As for the question itself, a person cannot believe in more than one religion at a time. This is shown when the three holy men meet Pi in the park and they argue over his religious practices. While arguing Pi’s father reminds the three holy men that “there is freedom for practice of whatever religion in this country”. The holy men screamed in unison, “Yes! Practice-singular”. This point supports how even the three major holy religions of the world believe that you can only have one. However, it is possible for people to change religions throughout their lives.
As religions are faith based through personal convictions that come from within, you have purpose in what you believe, and therefore are only able to believe in one at a time. To say you believe in Christianity and Hinduism would be like saying you are both a communist and a progressive conservative, which are different philosophies. You have to choose one religion or another, just as in this story you need to believe the first story or the second story, and you cannot believe that both of these events occurred. A person cannot believe two tales of the same legend.
The second story with people resembles culture within North America and how everything in the North American world is looked at as bare facts. Most people only believe things that they can see with there own eyes, or feel with there own hands. Starting from our education as children, to jobs in adulthood, knowledge of bare facts measures how much we are capable of doing. In math you add numbers that have relevance to our society, in science pre-determined experiments with actions or re-actions occur, as well as predictions and conclusions. Everything MUST have an answer.
If there is a topic to which we do not have an answer we dig for scientific answers, and refuse to accept folk tales or stories from higher powers. In an area of the world with steadily declining religious numbers, we need to exercise our faith and imaginations. We all need to have an open and searching mind like that of a younger child. Pi Patel shows just how blunt and “factual” North America people are by telling the second story, including the murder of people on a lifeboat. Murder is something we can all relate to, thus making the second story “the right story” to most people.
After the second story of realism, many people feel the first story to be a waste of time, showing again just how North American people struggle to explore the imaginative or symbolic side of things. Everybody justifies their respective view by saying, “that’s not even possible” or “I’d have to see it to believe it”. The first and second story connects in a way of showing resemblances between the two major religions of the world, Christianity and Islam. The purpose of this is to show how alike Islam followers are to Christian followers.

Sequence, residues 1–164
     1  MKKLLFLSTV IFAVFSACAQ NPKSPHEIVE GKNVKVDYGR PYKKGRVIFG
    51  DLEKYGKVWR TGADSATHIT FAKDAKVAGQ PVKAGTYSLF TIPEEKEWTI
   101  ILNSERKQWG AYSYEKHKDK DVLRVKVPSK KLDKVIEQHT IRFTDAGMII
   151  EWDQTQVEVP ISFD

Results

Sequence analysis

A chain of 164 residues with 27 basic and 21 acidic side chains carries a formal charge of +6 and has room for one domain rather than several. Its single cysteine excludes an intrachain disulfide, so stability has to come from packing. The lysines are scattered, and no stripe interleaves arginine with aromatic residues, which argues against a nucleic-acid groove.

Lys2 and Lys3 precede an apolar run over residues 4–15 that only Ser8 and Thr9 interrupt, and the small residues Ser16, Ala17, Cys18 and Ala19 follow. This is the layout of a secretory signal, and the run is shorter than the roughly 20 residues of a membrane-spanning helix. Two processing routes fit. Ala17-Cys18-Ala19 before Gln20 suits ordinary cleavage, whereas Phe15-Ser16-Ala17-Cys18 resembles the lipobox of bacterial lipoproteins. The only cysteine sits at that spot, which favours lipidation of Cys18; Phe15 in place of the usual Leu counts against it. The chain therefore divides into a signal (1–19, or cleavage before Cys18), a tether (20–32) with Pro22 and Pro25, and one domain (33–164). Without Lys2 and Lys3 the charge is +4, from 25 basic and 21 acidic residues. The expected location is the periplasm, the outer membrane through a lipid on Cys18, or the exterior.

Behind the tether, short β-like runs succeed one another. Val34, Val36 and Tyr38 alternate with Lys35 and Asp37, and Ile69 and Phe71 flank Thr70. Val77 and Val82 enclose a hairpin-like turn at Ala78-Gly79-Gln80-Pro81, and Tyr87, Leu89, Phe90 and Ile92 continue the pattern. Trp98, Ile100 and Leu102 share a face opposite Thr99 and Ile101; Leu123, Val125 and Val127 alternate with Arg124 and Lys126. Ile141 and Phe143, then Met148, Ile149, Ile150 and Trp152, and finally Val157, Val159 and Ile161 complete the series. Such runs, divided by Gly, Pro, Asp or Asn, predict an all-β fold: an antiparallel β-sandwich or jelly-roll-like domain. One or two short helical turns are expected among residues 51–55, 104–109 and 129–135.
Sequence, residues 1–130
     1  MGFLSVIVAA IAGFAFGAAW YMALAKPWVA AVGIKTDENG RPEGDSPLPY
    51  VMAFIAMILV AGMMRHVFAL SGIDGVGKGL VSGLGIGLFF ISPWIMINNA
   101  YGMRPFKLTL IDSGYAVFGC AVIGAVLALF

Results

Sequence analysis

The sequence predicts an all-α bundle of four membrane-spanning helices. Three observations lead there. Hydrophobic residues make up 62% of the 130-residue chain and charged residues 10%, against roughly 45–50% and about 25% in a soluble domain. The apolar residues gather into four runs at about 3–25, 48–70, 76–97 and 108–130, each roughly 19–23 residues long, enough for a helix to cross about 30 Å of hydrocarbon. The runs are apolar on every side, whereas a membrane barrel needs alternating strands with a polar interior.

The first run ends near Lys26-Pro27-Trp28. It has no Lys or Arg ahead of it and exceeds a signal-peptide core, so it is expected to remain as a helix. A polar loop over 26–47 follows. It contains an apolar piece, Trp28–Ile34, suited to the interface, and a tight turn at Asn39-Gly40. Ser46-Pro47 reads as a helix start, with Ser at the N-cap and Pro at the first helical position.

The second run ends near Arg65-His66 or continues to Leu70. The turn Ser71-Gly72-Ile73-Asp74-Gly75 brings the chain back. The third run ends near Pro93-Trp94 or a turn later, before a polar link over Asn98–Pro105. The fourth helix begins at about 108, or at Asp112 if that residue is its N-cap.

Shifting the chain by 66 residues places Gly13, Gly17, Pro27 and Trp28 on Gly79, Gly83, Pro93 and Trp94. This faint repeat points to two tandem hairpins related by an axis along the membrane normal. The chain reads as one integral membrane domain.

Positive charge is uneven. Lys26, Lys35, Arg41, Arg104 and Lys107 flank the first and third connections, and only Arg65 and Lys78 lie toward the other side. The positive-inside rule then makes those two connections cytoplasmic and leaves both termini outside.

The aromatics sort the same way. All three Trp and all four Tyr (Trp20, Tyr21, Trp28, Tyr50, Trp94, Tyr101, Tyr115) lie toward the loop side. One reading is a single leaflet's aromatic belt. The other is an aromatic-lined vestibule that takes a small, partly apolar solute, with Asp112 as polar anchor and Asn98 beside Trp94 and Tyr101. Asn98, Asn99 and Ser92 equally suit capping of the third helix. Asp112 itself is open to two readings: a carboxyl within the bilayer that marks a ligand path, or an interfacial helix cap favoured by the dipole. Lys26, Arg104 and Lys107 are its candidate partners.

They share most of the same religious views, with very minor differences in stories of interpretations. They also share many of the same characters, such as Jesus, who is God’s son. Jesus sends messages from God and heals people in Christianity, and in Islam a prophet shares the word of God. These two parts in the story show just how different the two religions are, yet are so similar. The first story also shows how, in the eastern world, the people are much more imaginative, by using Hindu and its animals to add a twist to create the first story.
It uses the animals to also describe the real people that were on the boat such as the Orangutan, Pi’s mother. In Hindu a person who is caring and involved in religious studies has the possibility of becoming a monkey after death. Pi’s mom was a very caring person who was against the eating of the zebra, or the young sailor. A zebra is looked at as an honest, friendly, and creative person because of his stripes. By using these animals he is trying to show just how North American culture is so bare factual. This story parallels our own personal internal struggles as well as the struggles of different cultures and religions in the world.
We begin to understand we have to ultimately face and deal with our own struggles, allowing us to come to terms with our own beliefs, where we are at in our own lives and how we fit into our culture. This story could be interpreted with different meanings by different people, but ultimately causes the kind of thought that moves us forward in terms of who we will become. The purpose of this story is to show the similarities of some religions, and also to show that the things that are different, are not so different after all. This is a book attempting to change minds on religious discrimination and indifferences.